My grandfather named the Celestes, my mothers, for his aunt Celeste Marie Rowland, who was reputed to have had spiritual powers. Whether or not that was true, she was a remarkable person: Celeste Marie was a founding member of the Equal Franchise League of Catskill and also the Thebes chapter of the Women’s Christian Temperance Union, not a popular institution in this remote Catholic town that lay alongside the bootleggers’ route from Canada to New York. She was the first woman in Thebes to drive a car. She learned very late in life, and apparently she wasn’t a good driver, but she liked to go fast. On muddy spring days her Studebaker sedan could often be seen in local ditches, with Celeste Marie Rowland sitting beside it, a puzzled but nonetheless broad smile on her face. On her children’s birthdays she dressed up as a gypsy fortuneteller, and bewitched the local youth with visions of an egalitarian, teetotaling future peopled by tall, handsome strangers and fast cars. Maybe it was in this capacity that she first impressed my grandfather. Cross my palm with silver… Whatever. He resolved to name his first daughter after Celeste Marie, and when his first daughter turned out to be twins, my grandfather, in the true stubborn Rowland fashion, went ahead and gave both of them her name.
I don’t know if there’s any power in names, or any truth, but the fact is that the Celestes inherited something of their great-aunt’s spirit. They were unusually, almost unnaturally willful, as my grandparents learned when they tried to put their daughters in separate cribs, only to have Celeste (as they called the older one; the younger one became Celeste Marie, or just Marie) climb out of her own and, unable to get into her sister’s, fall asleep at its feet. Night after night.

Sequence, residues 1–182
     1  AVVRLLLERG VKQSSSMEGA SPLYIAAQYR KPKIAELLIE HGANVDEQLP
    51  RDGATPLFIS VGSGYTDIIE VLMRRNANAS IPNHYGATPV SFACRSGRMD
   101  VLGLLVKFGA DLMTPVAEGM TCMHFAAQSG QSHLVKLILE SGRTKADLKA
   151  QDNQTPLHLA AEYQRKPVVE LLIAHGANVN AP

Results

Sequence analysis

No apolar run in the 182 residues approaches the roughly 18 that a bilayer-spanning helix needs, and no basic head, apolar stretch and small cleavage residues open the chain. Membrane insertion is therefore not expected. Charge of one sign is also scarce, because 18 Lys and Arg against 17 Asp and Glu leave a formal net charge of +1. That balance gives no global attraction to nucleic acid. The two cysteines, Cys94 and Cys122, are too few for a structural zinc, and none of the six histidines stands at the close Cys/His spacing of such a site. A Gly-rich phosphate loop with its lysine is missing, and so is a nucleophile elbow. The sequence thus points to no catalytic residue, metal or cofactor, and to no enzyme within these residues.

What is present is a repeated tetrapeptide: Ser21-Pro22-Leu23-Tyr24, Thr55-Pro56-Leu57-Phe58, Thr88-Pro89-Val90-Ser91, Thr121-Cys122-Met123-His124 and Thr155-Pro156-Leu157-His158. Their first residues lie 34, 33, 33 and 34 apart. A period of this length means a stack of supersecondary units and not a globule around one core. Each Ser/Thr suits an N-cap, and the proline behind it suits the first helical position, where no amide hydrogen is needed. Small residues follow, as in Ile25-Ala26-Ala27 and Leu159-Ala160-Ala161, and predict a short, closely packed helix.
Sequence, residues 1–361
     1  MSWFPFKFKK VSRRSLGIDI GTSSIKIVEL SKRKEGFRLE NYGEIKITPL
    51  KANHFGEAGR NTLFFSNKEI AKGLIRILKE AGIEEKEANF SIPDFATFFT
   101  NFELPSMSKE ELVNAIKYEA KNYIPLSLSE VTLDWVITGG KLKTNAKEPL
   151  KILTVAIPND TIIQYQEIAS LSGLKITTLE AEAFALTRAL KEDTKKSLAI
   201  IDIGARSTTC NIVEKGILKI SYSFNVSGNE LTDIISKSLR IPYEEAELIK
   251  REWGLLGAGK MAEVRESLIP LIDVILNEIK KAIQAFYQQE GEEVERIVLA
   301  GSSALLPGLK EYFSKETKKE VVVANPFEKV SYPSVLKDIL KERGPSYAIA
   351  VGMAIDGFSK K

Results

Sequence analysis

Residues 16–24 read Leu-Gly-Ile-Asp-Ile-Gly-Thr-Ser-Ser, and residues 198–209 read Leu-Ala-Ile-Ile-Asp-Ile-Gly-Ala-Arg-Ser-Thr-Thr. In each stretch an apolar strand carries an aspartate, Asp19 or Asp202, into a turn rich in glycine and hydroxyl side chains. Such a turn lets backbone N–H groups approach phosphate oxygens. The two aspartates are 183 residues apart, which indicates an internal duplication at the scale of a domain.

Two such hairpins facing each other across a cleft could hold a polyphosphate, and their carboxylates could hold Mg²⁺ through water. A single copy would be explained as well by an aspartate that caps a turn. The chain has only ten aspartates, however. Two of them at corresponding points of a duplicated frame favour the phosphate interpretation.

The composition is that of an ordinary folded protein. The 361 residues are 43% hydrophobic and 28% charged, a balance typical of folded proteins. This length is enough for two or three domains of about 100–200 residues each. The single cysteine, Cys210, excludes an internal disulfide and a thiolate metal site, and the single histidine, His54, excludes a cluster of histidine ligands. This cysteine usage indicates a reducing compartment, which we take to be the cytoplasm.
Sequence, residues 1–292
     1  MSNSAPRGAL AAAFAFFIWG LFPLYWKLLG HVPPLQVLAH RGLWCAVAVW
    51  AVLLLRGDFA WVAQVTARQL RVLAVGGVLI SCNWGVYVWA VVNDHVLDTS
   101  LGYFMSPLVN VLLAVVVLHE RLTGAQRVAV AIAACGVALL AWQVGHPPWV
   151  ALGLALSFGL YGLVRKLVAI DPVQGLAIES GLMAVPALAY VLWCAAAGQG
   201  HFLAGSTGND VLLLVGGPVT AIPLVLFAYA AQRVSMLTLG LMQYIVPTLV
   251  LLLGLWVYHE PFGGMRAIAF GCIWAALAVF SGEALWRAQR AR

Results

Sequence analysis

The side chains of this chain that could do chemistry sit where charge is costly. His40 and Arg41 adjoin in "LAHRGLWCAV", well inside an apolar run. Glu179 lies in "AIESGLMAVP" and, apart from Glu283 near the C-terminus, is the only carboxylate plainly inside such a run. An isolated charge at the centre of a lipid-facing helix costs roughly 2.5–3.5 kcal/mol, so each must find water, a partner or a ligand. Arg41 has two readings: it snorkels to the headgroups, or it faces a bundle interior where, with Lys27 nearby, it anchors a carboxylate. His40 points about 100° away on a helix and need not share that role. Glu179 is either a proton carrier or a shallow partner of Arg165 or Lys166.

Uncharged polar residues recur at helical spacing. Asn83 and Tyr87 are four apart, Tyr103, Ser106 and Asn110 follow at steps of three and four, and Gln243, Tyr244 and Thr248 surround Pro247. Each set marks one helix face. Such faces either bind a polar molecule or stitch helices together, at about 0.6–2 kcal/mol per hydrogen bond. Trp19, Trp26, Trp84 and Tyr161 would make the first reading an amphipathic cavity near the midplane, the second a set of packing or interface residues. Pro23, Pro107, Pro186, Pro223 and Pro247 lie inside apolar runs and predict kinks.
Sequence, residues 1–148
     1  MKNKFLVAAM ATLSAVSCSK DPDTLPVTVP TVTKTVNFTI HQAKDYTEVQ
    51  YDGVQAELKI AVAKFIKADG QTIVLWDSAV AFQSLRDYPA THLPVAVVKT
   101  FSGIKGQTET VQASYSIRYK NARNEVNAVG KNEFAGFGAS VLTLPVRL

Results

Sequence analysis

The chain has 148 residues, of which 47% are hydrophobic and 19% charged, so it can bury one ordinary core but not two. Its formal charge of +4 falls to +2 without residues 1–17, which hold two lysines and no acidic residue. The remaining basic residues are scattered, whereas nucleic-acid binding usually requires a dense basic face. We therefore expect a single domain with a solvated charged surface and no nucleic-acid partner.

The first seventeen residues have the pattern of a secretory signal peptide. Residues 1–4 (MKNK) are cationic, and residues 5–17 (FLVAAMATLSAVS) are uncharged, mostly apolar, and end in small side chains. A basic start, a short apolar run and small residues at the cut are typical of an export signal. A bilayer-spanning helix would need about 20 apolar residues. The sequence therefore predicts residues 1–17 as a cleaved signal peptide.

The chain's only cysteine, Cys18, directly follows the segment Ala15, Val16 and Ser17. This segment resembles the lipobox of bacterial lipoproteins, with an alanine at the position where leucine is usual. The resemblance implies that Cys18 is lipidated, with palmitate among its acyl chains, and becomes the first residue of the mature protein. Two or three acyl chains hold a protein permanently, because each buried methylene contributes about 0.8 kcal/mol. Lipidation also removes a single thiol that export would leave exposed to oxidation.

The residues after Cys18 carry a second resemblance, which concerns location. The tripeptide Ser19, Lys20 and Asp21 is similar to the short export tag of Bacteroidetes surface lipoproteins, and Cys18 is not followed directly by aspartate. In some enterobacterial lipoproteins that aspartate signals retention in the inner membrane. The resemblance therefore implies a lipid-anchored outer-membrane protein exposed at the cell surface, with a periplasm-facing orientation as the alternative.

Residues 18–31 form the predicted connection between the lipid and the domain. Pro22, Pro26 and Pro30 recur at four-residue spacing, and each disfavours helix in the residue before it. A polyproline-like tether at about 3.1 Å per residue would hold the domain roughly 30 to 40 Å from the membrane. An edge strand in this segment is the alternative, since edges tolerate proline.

When they could talk the first thing the Celestes said was that they wanted to be together; I wouldn’t be surprised if they spoke their first word at the same moment, or if that word was sister. They eschewed contact with other children. They had a secret doll city in the attic, and they played secret doll games; they were noisy when they thought they were alone, but fell silent when they heard anyone hearing them. They were, in short, a world unto themselves, much as Celeste Marie had been. And they liked to dress up! My grandfather showed me a picture of my mothers wearing eyepatches that they’d made themselves, from black velvet frocks my grandfather had bought them. That was the twins; they took whatever you gave them and turned it into something else. Cross my palm with silver… Secretly, I think, my grandfather hoped that his twin daughters would tell him the future. Or rather, not the future, but his future. Oliver wanted his daughters to see to the end of his story, and to report that it was happy. He wanted them to put a laurel crown on his head, and to make him the hero of their adoring memoirs. He couldn’t have chosen two girls worse suited for the job. The Celestes turned out pretty, smart, and talented, but they did not turn out generous, at least, not towards their father. The only future they talked about was their own.